Apeldoorn, the Netherlands, November 28, 2019 – The PE100+ Association celebrates its 20th anniversary this year. Founded in 1999 to assure consistent quality at the highest level in the production and application of materials for PE100 pressure pipes, it is just as relevant today as it ever was.
Member companies of the association offer high-density polyethylene (HDPE) for pressure pipes for gas and water with excellent hydrostatic strength that last for decades, combined with high resistance to slow crack growth and to rapid crack propagation. Performance targets set by the PE100+ Association surpass standards around the world for PE100 materials.
Meeting an important need
The PE100+ Association was founded in 1999 by three European polyethylene producers a few years after the very first introduction of PE100 in the market. Today, it comprises 13 companies from around the world (in China, Korea, Thailand, the Middle East region, as well as Europe), and the number of members continues to grow. An advisory committee of non-affiliated independent experts that are active across the pressure pipe value chain supports the Association.
The members have made a voluntary commitment to regular quality checks – at least on annual basis – in cooperation with an independent administrator Kiwa and several other independent test labs across Europe. Kiwa asks for batches of materials from material suppliers on a random basis. Pipes are usually made in members’ own processing centres and sent to independent institutes for testing. An important principle of the PE100+ Association is that certified PE100 materials are listed as ready-made black or coloured and fully formulated compounds, rather than supplied to pipe makers in a natural base resin form that is coloured using masterbatch and other additives at the pipe extrusion line.
The PE100+ Association monitors the decisive test methods for PE pressure pipes in round-robin tests, which involve it checking to make sure that the independent test institutes verifying pipes are performing tests in ways that make them comparable. “We need to be sure that for any given material, different test institutes provide the same outcomes within a certain bandwidth, this information we also provide to the ISO committee who is responsible for the update of test method standards” says Hans Pierik, President and Chairman of PE100+ Association, and Business Manager at SABIC.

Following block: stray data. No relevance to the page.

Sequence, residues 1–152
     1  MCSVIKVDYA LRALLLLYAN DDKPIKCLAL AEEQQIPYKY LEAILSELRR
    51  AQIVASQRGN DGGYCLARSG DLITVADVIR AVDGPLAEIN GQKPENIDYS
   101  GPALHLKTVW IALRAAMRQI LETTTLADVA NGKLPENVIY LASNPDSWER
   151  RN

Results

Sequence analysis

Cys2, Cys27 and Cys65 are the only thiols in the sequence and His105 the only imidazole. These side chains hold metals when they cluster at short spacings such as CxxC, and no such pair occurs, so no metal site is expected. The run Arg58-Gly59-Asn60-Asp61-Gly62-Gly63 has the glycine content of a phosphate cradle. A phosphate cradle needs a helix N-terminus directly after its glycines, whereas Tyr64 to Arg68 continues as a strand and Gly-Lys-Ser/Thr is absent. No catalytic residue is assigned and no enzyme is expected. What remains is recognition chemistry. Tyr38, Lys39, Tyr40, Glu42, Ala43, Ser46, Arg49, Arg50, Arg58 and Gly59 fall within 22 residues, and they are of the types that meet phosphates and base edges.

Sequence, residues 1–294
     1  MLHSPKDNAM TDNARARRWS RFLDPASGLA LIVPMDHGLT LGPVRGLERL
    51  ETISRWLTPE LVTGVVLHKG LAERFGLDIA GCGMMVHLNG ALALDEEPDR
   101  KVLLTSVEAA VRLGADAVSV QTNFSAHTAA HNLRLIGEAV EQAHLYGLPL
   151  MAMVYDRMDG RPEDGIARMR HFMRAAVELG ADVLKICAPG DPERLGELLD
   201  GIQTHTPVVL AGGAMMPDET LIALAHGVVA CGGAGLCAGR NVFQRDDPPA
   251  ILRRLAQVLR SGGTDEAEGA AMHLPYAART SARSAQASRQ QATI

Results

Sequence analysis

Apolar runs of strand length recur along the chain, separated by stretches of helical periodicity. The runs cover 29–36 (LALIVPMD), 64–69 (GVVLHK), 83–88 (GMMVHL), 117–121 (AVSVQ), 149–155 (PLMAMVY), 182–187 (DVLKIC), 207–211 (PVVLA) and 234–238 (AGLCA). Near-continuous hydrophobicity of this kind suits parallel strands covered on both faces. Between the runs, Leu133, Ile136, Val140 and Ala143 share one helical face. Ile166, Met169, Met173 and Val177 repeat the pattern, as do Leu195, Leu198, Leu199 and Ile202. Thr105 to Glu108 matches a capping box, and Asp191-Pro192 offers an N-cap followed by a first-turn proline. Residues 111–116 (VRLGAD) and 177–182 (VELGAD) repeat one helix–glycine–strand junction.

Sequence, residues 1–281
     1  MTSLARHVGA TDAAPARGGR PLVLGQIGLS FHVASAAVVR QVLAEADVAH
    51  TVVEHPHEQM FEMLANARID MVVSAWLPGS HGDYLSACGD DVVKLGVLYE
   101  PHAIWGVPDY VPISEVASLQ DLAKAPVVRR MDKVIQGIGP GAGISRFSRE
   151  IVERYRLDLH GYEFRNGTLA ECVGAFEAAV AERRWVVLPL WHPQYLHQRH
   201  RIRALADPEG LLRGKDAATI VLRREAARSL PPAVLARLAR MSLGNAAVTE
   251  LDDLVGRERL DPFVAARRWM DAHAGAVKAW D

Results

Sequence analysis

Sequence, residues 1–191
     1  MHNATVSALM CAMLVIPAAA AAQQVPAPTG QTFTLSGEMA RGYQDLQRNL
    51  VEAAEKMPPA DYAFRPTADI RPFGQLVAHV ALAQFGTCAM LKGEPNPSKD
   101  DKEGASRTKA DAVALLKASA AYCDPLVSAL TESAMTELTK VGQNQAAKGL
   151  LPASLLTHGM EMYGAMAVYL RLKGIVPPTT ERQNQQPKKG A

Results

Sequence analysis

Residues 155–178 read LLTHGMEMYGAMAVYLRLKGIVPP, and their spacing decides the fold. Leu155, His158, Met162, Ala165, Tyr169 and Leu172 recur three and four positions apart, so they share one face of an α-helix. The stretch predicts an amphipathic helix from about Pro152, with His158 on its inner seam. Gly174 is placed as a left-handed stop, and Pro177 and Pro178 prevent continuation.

Today, not only the pipes, but all the fittings and all the tools used to install pipes are organized to comply with PE100. “It’s not just about material quality but also about pipe diameter and thickness based on the pressure resistance of the material,” continues Pierik. “If all pipes have the same dimensions, it doesn’t matter if the pipe comes from Producer A and the fitting from Producer B – everything fits together.”
Adapting to new pipe laying techniques
Although members are all suppliers of HDPE, the PE100+ Association communicates with the full value chain, including converters, installers and standardisation bodies, with whom it has an active dialogue on such matters as product criteria for new pipe laying methods.
One of these covers PE100-RC (RC stands for Raised Crack resistance, see prEN1555-1), covering materials for pipes with increased slow crack growth resistance that makes them more durable for alternative installation methods like trenchless installations, renovations like relining, pipe bursting or sandless bedding of pipes.
“The move from traditional installations in PE100 to trenchless installation with PE100-RC should enable major system savings,” says Norbert Jansen, Treasurer of PE100+ Association and working at Borealis. “It’s not just about the cost of the material and pipe extrusion. Most of the costs come during the installation, for example the cost of closing a road, digging the trench, laying the bedding and then the pipe, covering the pipe and maybe resurfacing the road. With trenchless pipe installation, you can obtain considerable savings in infrastructure.”
Faster ways to check for long-term properties
At present, there is no uniform resin or pipe requirement for resistance to slow crack performance. The PE100+ Association is acting as a driving force for change, working on development of new and much faster – but still reliable – accelerated test procedures. These include a Strain Hardening Test (SHT) originally developed by SABIC and which is now an ISO standard ISO18488. Furthermore an accelerated version of the FNCT (Full Notch Creep test ISO16770) and an accelerated version of the NPT (Notch Pipe Test ISO13479) was promoted to be used. Last, but not least the CRB test (Cracked Round Bar test ISO18489) was selected for the revision of EN and ISO standards for PE pressure pipes.
The PE100+Association unveiled in 2017 an online “No Dig” technical guide. This identifies the properties, benefits and applications of PE100 in trenchless techniques for use by designers and decision makers, enabling them to decide which methods are applicable to a specific project.
“The PE100+ Association continues to grow and to evolve as it adapts to changes in technologies and markets,” says Hans Pierik. “I believe we are now an invaluable link in HDPE pressure pipe value chain, all the way through to consumers who demand reliable, consistent and safe delivery of gas and water to their homes. We have come a long way in 20 years, but we still have work to do.
“We see many opportunities in emerging and developing countries, for example. In China, the new national standard GB/T 13663 for PE piping systems for drinking water applications was released this year, and the PE100+ Association has been very active in the country promoting the benefits of PE100 pre-compounds for pressure pipes, and developing new tools and services for the pipe value chain.”